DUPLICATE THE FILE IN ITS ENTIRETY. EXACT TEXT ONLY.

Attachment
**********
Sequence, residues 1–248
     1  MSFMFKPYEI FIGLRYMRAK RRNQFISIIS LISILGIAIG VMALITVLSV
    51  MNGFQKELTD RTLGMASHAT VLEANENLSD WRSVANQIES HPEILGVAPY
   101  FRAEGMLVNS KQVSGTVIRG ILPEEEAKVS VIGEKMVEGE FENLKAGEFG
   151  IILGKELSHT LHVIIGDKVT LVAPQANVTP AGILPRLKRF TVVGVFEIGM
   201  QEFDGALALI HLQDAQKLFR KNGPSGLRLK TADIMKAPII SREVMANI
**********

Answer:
Sequence, residues 1–248
     1  MSFMFKPYEI FIGLRYMRAK RRNQFISIIS LISILGIAIG VMALITVLSV
    51  MNGFQKELTD RTLGMASHAT VLEANENLSD WRSVANQIES HPEILGVAPY
   101  FRAEGMLVNS KQVSGTVIRG ILPEEEAKVS VIGEKMVEGE FENLKAGEFG
   151  IILGKELSHT LHVIIGDKVT LVAPQANVTP AGILPRLKRF TVVGVFEIGM
   201  QEFDGALALI HLQDAQKLFR KNGPSGLRLK TADIMKAPII SREVMANI